Internally, many JS implementations use some kind of hash table to enable quick lookup of object properties. V8 actually generates hidden C++ classes that allows lookups to execute in a single CPU instruction. Either way, it's safe to assume that object property access is fast and near O(1).
As a consequence of all object property keys being converted to string, you can only use things that convert to string as a key. Since numbers naturally convert to string, they work fine. Same for booleans. Dates work too, since
However, objects do not convert into meaningful strings. For example:
Actually results in:
because of the string conversion rules. Since every object converts to
Of course, it's still possible to use an object as a key. You just have to override the default implementation of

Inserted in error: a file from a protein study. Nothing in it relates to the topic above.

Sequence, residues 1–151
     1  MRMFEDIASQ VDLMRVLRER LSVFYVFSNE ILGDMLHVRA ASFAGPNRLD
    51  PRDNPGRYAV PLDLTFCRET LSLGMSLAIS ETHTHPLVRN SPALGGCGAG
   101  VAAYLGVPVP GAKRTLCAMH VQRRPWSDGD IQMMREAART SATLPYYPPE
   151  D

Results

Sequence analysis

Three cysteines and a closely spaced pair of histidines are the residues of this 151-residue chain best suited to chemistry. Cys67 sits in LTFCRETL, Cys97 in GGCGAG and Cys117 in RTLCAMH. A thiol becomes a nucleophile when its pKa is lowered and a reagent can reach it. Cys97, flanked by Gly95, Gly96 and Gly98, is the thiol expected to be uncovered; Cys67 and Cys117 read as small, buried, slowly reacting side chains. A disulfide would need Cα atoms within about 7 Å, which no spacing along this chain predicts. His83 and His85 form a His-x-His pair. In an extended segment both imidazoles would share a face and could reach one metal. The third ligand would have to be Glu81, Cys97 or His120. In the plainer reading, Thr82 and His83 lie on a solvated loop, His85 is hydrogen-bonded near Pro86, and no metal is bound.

It has Dictionaries which are collections of Key/Value pairs, with the restriction that a Key must be unique. The difference is that the implementation for a Dictionary does not imply a hash, although a Hash table will likely be used internally by implementations for performance reasons.
However, here is the important thing: all property/key values are first converted to strings.
Thus the following are identical:
Following through the ECMAScript is a bit confusing, but the key part to "knowing" that property names are all strings is found in Property Descriptors: